Archive for November, 2010

Time’s list of “The 25 Most Powerful Women of the 20th Century” includes Margaret Sanger, Hillary Clinton, Mother Theresa, Madonna – – and Virginia Woolf.

The Time editor who chose Woolf for the list calls her  “one of the most famous, well regarded novelists of the 20th century.” She also describes her as an astounding and prolific, sharp and witty literary critic.

In the video, she mentions several Woolf novels, Mrs. Dalloway, To the Lighthouse, The Waves and Between the Acts. Woolf’s novels, she says, are “hard to read but extremely rewarding.” And Woolf herself is someone she wishes she could have dinner with.

You can also read Time’s April 1937 cover story on Woolf and view the cover photo, which is pictured at left on the Web page for the Time video.

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If I lived across the pond, I know where I would be this winter — at Charleston

Charleston Farmhouse

Farmhouse for its short courses and masterclasses on Virginia Woolf.


The Virginia Woolf Masterclass will be held Jan. 7, 14, 21 and 28, 2011, from 10 a.m. – 12:30 p.m. The event promises its 12 guests that they will “learn more about the world and writing of Virginia Woolf in the inspiring setting of the Charleston kitchen.”

Discussion will center around Woolf’s most experimental, pathbreaking novels, Jacob’s Room, Mrs Dalloway and To the Lighthouse.  Participants will also visit Sussex University’s Special Collection archive to view examples of her correspondence with friends. The Monk’s House Papers and the Leonard Woolf Papers are part of the collection.

Other events in the series include:

  • Painting and Drawing at Charleston in Winter
  • Painting with Words: Poetry

Get more details.


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Cecil Woolf and Jean Moorcroft Wilson

Jean Moorcroft Wilson and Cecil Woolf are featured in an article about World War I poet Edward Thomas posted today on the Islington Tribune website.

Wilson, who is writing a biography of Thomas, spoke about him at an event at the Imperial War Museum on the eve of Remembrance Day. She is the author of biographies of World War I poets Isaac Rosenberg (2005) and Siegfried Sassoon (2009).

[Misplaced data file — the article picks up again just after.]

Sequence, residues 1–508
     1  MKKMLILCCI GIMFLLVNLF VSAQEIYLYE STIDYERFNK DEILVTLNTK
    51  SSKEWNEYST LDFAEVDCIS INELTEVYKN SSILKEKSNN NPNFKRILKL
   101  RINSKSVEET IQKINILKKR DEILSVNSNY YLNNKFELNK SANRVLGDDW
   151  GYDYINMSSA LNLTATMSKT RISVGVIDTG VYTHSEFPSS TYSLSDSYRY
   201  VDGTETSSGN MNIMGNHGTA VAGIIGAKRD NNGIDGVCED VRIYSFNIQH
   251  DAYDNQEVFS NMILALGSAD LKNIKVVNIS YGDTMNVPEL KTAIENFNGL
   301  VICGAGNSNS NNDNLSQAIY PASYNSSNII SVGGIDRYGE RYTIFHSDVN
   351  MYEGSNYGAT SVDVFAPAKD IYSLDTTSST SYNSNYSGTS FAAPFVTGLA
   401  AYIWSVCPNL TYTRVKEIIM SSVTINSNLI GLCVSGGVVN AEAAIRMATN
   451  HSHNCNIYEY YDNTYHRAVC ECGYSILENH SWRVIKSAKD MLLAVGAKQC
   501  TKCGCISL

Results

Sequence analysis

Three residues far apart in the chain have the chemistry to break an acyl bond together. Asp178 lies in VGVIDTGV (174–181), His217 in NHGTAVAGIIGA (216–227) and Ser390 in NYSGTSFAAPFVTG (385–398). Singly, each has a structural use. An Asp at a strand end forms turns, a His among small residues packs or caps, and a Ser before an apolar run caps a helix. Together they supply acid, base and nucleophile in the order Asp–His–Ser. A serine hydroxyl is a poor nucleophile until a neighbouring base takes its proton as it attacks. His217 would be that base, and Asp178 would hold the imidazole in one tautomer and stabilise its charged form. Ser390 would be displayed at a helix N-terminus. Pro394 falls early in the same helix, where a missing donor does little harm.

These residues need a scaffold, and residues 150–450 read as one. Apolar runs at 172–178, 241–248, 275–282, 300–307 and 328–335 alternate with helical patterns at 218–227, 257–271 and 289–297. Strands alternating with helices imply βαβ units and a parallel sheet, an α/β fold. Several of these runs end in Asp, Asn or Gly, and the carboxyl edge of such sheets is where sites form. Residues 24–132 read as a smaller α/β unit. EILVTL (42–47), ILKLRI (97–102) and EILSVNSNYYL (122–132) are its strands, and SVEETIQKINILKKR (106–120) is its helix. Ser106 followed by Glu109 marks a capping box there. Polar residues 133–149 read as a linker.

Churchill biographer Martin Wilson also spoke at the event, describing the conditions on the Western Front during the Great War.

Wilson serves as editor for many monographs in the Bloomsbury Heritage Series and the War Poets Series published by her husband, Cecil Woolf of Cecil Woolf Publishers, which is based in London.

She also wrote the text that every Woolfian consults when planning a trip to England in the hopes of following in Virginia Woolf’s footsteps. It’s titled Virginia Woolf, Life and London: A Biography of Place.

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The Virginia Woolf Society of Great Britain is holding an essay competition in memory of Julia Briggs, acclaimed Virginia Woolf scholar and a member of the executive council of the society who died in August 2007.

Essays should be written on the topic ‘Why is reading Virginia Woolf still so crucial today?’ Entrants should choose their own title for their essays, which should be between 2,000 and 2,500 words in length.

The competition is open to members and non-members. Members of the executive council and editorial committee of the society, the judges, and the families of both are not eligible to enter. Entries should be mailed to Ruth Webb, 15 Southcote Road, London SE25 4RG. They must arrive by 10 January 2011.

The winner will receive a cheque for £250, presented at the society’s annual general meeting in central London on April 2, 2011, and the winning essay will be published in the Virginia Woolf Bulletin. If the winner is unable to attend the April 2011 general meeting, the prize will be sent by secure mail.

Download the Julia Briggs 2011 Essay Competition Rules and Application to ensure that your application and essay are prepared and submitted properly. The official entry form is required.

For more information, contact Sarah M. Hall at smhall123@yahoo.co.uk.

Student membership in the society costs £10 for those at UK addresses and £15 for those at overseas addresses, per calendar year.

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Woolf and the City: Selected Papers from the Nineteenth Annual Conference on Virginia Woolf is now available from the Clemson University Press.

Edited by Elizabeth F. Evans and Sarah E. Cornish, the volume collects important essays chosen from the nearly 200 papers delivered at the Nineteenth Annual International Conference on Virginia Woolf, hosted at Fordham University.

The 25 essays are organized around six themes:

  • Navigating London
  • Spatial Perceptions and the Cityscape
  • Regarding Others
  • The Literary Public Sphere
  • Border Crossings and Liminal Landscapes
  • Teaching Woolf, Woolf Teaching

The volume also includes all of the keynote speeches, along with a transcript of the panel “Inspired by Woolf” that featured Katherine Lanpher, Dr. Ruth Gruber, Susan Sellers and Kris Lundberg. Megan Branch, who also writes for Blogging Woolf, crafted the introduction for the piece and prepared the transcript.

Contributors include Molly Hite, Mark Hussey, Tamar Katz, Eleanor McNees, Kathryn Simpson and Rishona Zimring.

In the interests of full disclosure, my essay, “Woolf in the Cyber City: Connecting in the Virtual Public Square,” is included in the volume.

View the full publication as a PDF or order a copy.

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